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BUILDING OF HIGH PERFORMANCE OPERATING SYSTEMS (OS) FOR LARGE NUMBERS OF TASKS HAVING RESTRICTED BEHAVIOR

IP.com Disclosure Number: IPCOM000009093D
Original Publication Date: 1999-Jun-01
Included in the Prior Art Database: 2002-Aug-07
Document File: 3 page(s) / 120K

Publishing Venue

Motorola

Related People

Alexander Semjonov: AUTHOR

Abstract

This proposal relates to the technology of build- ing network software from independent tasks in a multitask OS and to ways for improving the OS. In this approach, each task represents an entire layer (connection, session, etc.). The common task per- formance is improved by (i) passing data from task to task with and without copying a pointer; (ii) scheduling ready tasks according to their priority or and in a Round Robin Policy if the tasks have equal priority; and (iii) locking the task if needed resources are busy.

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MOTOROLA Technical Developments

BUILDING OF HIGH PERFORMANCE OPERATING SYSTEMS (OS) FOR LARGE NUMBERS OF :TASKS HAVING RESTRICTED BEHAVIOR

by Alexander Semjonov

INTRODUCTION

  This proposal relates to the technology of build- ing network software from independent tasks in a multitask OS and to ways for improving the OS. In this approach, each task represents an entire layer (connection, session, etc.). The common task per- formance is improved by (i) passing data from task to task with and without copying a pointer; (ii) scheduling ready tasks according to their priority or and in a Round Robin Policy if the tasks have equal priority; and (iii) locking the task if needed resources are busy.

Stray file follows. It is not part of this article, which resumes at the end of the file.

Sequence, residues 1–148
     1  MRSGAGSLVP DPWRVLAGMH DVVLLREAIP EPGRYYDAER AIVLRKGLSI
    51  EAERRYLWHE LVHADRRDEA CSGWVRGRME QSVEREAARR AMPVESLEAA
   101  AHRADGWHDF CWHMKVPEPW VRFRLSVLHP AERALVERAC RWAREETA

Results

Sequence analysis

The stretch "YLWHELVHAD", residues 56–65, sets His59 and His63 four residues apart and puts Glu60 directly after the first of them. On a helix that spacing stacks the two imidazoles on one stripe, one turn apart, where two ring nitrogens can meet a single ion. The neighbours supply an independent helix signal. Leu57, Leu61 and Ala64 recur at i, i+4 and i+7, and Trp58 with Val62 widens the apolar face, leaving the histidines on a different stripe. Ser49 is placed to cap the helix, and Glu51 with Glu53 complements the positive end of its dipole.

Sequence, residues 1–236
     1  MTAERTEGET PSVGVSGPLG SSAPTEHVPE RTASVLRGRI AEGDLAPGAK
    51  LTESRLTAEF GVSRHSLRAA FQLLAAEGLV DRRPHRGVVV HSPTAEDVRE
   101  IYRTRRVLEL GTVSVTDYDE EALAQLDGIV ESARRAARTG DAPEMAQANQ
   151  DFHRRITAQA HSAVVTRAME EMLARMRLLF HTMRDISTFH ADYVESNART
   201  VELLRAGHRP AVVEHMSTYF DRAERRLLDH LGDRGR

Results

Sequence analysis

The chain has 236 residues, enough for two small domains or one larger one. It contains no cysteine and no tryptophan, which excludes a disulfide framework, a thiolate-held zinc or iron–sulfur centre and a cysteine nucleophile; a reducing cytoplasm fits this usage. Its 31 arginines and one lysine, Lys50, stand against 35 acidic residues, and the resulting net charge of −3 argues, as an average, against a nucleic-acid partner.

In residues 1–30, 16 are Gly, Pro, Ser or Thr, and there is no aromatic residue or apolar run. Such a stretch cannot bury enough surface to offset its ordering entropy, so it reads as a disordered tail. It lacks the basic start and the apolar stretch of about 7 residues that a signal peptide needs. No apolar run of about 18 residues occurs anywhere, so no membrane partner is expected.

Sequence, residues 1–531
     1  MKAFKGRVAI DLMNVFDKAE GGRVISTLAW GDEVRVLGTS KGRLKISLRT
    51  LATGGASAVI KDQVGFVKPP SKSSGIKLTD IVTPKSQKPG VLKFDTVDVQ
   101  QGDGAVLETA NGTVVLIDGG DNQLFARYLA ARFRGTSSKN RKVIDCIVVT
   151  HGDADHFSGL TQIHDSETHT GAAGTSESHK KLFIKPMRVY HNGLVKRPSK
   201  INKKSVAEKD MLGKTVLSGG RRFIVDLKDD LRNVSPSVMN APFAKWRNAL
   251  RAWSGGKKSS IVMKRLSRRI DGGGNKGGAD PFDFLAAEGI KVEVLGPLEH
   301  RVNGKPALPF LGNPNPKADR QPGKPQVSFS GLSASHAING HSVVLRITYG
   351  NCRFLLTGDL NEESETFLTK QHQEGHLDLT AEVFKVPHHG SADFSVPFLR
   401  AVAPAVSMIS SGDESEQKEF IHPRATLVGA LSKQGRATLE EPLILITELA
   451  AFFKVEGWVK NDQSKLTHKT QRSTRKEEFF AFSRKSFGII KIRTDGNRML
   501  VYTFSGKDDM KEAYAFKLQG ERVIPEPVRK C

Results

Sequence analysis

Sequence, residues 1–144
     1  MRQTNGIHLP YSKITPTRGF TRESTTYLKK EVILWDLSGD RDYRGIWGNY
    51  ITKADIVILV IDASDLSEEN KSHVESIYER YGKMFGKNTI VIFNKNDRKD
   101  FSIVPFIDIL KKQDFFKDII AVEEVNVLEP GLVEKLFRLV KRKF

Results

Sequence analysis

PROBLEM

  The large number of tasks in network software makes a practical implementation difficult. An OS should support message passing, locking (e.g., by semaphores), task switching and scheduling mecha- nisms. Applying these mechanisms decreases the efficiency of the software running on the OS in comparison to software with equal functionality run- ning without OS. The large number of different control blocks belonging to above-mentioned mech- anisms reduces memory usage.

SOLUTION

  A single universal control block (Figure 1) is used as task, message or semaphore. Depending on the time, the OS considers the control block either as a task or as a message. The control block has an input queue (1) for accumulating other control blocks, which are required during processing. If the input queue (1) of the control block is not empty, the task belonging to the control block is ready to be executed. In such a case, the control block is placed into a scheduler queue (2), which is based on a pointer array (3). In the pointer array (3), every ele- ment points to the control block of the first ready

task and which has a priority equal to an index of the element. If the scheduler queue does not have a control block with given priority, the element in the pointer array points to the control block with the next priority. The fast element of the pointer array always points to the control block of the task ready to be executed. In case that no task is ready, all ele- ments point to a special terminal control block (STCB, 4).

  The restricted task behavior is implemented, for example, as follows: During the execution of a task, this task receives...